While it is true that some jurisdictions recognize that a will can be revoked by reason of a divorce, property settlement and subsequent change in circumstances -- see Page on Wills (3 ed. 1960), § 21.101 at 523; 71 A.L.R. 3d 1297 (1976); § 2-508 -- that is not the law in our State. Murphy v. Markis , 98 N.J. Eq. 153 (Ch. Div. 1925), aff'd 99 N.J. Eq. 888 (E. & A. 1925); In re D'Agostino's Will ,
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9 N.J. Super. 230 (App. Div. 1950); In re Santelli , 28 N.J. 331 (1958). Under present New Jersey law a testator, in order to revoke a will, must utilize one of the methods stated in N.J.S.A. 3A:3-3. The caveator urges that Sheldon v. Sheldon , 66 N.J. Super. 590 (Ch. Div. 1961), and In re Garver , 135 N.J. Super. 578 (Ch. Div. 1975), evidence a changing judicial view. However, those cases do not abrogate the rule that "a will * * * properly executed * * * may not be revoked except in the manner provided by statute and the burden of establishing the revocation is on the person asserting it." In re D'Agostino's Will, supra , 9 N.J. Super. at 232.
In Sheldon the testator, while married, executed a will which, among other provisions, left to his then wife one-half of the net proceeds from the sale of specified realty. The remaining half was left to a child. The parties were subsequently divorced and as part of that proceeding testator purchased the former spouse's interest in the realty and received back a quitclaim deed and also a general release of all claims against the husband and his heirs. The court did not set aside the will but revoked by implication the specific testamentary devise to the former spouse. The court reasoned that the actions taken by the parties in the divorce matter clearly evidenced an intent by them to cut off the wife's interest in the realty and that to permit that portion of the will to stand would have the result of giving her more than one-half of the realty, to the detriment of the surviving child. The case clearly turned on its specific factual pattern and has no application to the case at bar.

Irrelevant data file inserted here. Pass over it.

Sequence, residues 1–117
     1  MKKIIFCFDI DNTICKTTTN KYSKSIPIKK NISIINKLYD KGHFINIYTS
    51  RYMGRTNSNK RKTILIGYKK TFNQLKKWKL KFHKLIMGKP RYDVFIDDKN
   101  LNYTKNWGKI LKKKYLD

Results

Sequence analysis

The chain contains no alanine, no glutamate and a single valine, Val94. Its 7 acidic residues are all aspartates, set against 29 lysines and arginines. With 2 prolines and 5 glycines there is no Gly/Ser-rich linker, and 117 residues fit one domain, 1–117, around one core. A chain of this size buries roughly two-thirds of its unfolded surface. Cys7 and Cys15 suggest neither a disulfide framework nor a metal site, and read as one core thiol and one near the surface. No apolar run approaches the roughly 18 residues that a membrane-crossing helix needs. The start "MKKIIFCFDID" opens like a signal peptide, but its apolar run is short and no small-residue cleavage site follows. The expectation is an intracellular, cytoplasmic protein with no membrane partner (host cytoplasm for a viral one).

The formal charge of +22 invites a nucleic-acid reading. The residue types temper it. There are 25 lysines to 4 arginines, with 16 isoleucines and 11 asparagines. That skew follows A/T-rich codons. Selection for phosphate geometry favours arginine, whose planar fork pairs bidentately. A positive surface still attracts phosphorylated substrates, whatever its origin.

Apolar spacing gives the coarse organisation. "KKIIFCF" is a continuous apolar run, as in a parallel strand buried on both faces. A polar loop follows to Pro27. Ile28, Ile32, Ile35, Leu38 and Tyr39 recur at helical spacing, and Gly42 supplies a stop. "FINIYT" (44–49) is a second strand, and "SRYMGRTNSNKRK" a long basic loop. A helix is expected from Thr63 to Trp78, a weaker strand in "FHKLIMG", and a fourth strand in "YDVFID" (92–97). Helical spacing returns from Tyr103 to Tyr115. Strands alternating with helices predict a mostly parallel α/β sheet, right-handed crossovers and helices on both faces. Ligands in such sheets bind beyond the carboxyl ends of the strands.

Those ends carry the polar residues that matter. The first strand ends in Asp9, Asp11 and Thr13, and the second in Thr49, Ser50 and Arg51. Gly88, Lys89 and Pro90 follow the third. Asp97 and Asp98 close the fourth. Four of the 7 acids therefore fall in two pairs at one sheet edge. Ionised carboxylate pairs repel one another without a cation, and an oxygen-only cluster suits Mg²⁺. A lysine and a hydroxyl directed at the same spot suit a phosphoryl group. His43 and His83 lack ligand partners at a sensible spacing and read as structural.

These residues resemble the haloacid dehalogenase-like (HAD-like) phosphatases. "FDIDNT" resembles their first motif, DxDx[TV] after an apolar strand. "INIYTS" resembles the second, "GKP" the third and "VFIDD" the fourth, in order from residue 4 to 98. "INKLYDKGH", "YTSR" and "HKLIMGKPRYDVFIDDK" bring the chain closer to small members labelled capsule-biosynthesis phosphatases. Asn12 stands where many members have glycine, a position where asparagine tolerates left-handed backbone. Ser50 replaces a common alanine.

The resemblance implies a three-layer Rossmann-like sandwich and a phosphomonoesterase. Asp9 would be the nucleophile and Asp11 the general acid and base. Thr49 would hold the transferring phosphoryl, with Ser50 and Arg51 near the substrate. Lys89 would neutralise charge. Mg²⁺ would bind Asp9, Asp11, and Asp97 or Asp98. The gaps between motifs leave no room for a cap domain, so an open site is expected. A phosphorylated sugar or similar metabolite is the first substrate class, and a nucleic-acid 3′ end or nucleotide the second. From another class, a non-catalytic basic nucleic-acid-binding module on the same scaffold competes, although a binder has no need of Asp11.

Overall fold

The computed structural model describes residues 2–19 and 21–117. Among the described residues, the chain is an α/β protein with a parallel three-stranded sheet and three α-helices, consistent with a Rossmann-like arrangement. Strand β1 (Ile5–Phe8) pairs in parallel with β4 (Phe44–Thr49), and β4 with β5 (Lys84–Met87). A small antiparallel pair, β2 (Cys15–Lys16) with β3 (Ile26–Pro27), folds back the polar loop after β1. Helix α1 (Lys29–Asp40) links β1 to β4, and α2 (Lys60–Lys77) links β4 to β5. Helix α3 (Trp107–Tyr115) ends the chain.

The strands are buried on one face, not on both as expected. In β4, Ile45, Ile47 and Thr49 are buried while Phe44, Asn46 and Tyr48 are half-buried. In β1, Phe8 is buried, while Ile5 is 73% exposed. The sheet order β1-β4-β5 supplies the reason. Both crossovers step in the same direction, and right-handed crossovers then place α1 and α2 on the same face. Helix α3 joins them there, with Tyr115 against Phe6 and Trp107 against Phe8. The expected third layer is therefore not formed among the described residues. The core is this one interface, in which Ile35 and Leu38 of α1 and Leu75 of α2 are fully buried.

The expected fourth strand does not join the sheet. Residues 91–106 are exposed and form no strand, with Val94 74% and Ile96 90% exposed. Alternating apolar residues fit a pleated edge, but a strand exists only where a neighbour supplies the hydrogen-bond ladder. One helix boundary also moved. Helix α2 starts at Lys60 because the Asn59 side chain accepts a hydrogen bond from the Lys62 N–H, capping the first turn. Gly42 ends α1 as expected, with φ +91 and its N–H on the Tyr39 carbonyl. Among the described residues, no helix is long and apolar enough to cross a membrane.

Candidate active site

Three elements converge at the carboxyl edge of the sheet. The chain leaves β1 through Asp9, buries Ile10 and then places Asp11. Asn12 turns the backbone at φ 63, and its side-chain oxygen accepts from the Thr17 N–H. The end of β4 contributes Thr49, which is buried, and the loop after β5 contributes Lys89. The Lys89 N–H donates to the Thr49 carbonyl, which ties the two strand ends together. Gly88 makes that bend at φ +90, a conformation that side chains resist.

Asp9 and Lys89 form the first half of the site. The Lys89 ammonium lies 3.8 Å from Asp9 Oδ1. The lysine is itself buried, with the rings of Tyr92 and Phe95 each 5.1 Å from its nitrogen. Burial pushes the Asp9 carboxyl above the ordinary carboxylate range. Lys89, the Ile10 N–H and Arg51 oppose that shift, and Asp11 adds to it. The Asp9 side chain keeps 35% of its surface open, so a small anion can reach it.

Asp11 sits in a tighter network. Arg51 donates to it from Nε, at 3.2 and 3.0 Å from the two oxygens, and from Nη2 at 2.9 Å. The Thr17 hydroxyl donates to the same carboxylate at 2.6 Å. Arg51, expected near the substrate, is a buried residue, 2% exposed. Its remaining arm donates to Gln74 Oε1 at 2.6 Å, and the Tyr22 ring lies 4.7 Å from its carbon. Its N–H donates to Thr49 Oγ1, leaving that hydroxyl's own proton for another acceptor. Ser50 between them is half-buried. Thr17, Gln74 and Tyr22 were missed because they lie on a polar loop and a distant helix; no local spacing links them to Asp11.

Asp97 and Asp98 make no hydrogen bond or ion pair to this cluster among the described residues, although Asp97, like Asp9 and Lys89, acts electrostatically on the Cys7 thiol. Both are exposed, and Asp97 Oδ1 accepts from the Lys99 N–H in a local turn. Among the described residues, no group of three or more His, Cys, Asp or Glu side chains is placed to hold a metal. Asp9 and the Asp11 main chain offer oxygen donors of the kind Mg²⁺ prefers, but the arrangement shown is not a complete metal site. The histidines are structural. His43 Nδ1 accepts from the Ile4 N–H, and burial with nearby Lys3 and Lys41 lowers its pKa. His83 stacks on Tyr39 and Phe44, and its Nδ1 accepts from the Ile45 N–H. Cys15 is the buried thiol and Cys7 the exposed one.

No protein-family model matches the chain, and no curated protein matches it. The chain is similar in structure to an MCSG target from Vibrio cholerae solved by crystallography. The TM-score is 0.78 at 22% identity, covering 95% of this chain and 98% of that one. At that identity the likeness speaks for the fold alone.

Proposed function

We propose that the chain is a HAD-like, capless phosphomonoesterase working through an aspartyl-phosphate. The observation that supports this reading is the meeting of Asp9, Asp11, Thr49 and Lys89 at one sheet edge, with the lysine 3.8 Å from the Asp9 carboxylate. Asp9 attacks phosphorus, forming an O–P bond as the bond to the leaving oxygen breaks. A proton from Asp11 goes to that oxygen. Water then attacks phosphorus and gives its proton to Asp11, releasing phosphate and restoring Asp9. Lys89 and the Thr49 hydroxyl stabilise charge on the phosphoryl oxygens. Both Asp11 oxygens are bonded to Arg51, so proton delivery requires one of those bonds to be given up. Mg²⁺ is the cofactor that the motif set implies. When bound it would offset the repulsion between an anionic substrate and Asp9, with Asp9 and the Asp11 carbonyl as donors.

In Garver the court set aside a will that made a testamentary disposition of assets to a former spouse. In that case the marriage, execution of the will and subsequent divorce all took place in Tennessee. That state by statute provides for the revocation of a will making a disposition of property to a former spouse where there has been a subsequent divorce. The court, noting that all of decedents' assets were outside
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of the State of New Jersey, applied Tennessee law and revoked the will. Thus, neither Sheldon nor Garver stand for the proposition that in New Jersey a will may be impliedly revoked by a subsequent divorce.